Fake Nissan R35 GT-R From Thailand With RB26 Engine Breaks The Internet


There’s a lot of fake stuff on the internet these days, so much so that it’s hard to differentiate what’s real from what’s not. Some things are pretty obviously fake, while others, such as this R35 Nissan GT-R from Thailand, are not so clear cut.

Chad Bee of YouTube channel CB Media shows us around his friend Frank’s “Nissan GT-R”, powered by a turbocharged RB26 straight-six instead of the VR38 V6 that’s supposed to be under the hood.

Chad first posted a picture of the vehicle on his Instagram Story, and apparently, people were outraged that somebody would swap the engine of the R35, not realizing (despite the giant FAKE stickers on the side) that the vehicle was not, in fact, a real GT-R.

What it actually is, is an A31 Nissan Cefiro from the late 1980s with replica R35 body panels. The headlights, front lip, hood, doors, gas cap, and taillights are from a real R35 GT-R, while the rest of the body consists of carbon fiber replica panels. The panels were made by Thai company Karn Fiber, which builds replica bodies for a number of different vehicles.

Read More: Here’s Your $10k Nissan GT-R R34 Replica From Thailand Based On A Rover 200 Coupé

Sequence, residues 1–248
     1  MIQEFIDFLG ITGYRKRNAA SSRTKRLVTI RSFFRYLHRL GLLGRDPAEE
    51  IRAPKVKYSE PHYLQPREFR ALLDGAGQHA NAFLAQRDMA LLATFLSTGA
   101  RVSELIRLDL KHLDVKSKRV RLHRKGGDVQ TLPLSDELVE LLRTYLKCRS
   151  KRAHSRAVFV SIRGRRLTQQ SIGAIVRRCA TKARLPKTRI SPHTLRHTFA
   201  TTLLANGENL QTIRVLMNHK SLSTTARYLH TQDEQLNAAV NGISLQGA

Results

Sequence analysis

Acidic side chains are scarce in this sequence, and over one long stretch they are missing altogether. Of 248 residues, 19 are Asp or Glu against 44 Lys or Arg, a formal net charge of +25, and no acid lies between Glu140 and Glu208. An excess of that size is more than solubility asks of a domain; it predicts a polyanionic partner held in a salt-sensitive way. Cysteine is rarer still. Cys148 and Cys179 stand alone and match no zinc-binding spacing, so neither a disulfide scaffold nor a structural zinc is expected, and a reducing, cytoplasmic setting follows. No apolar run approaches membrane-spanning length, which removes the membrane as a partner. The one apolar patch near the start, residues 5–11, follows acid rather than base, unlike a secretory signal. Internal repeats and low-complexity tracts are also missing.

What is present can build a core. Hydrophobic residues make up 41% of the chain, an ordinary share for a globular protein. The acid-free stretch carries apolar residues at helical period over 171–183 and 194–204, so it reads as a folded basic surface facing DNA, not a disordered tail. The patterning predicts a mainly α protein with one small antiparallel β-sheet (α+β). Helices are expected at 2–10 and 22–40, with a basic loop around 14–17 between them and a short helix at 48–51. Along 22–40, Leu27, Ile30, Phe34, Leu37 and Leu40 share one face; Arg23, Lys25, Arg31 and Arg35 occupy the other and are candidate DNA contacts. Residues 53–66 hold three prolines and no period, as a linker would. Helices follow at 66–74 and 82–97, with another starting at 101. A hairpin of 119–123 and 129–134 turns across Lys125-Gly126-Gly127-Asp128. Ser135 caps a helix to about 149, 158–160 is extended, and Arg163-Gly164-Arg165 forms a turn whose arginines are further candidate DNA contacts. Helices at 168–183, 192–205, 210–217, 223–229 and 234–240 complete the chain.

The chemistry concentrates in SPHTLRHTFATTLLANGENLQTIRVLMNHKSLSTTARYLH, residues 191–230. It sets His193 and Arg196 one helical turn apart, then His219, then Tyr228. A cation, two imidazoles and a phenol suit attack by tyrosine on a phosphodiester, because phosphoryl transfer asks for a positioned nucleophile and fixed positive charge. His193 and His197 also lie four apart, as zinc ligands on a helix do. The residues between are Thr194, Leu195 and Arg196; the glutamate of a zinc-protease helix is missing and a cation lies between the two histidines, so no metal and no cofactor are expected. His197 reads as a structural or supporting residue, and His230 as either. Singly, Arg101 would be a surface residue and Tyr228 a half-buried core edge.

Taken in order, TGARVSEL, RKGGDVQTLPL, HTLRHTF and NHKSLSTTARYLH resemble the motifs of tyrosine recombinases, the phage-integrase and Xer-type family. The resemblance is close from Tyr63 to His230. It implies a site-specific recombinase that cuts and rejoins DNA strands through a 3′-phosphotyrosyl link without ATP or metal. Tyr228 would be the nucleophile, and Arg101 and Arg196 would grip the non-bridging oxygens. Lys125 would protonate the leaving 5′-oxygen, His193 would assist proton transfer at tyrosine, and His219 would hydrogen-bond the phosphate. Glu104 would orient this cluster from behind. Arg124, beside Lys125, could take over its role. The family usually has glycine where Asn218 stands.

Frank is the CEO of Thailand’s Tuner Concept which manufactures custom suspension parts and he built the “GT-R” to showcase his products at the Bangkok International Auto Salon back in 2017.

Because it’s based on a Cefiro, it doesn’t have all-wheel drive like the real thing, but that also means that it’s much better at drifting than the real thing, as Frank demonstrates at the end of the video.

If you’re wondering why somebody would go through all the trouble of making an already cool-looking vintage Nissan look like a modern GT-R, join the club. However, Thailand has a 300 percent import duty tax on all cars, meaning that a real R35 GT-R would set you back over $400,000.

Frank was able to build the vehicle for less than $50,000, so while the car might not be genuine, its owner’s enthusiasm for driving and modifying vehicles definitely is.

Photo CB Media YouTube

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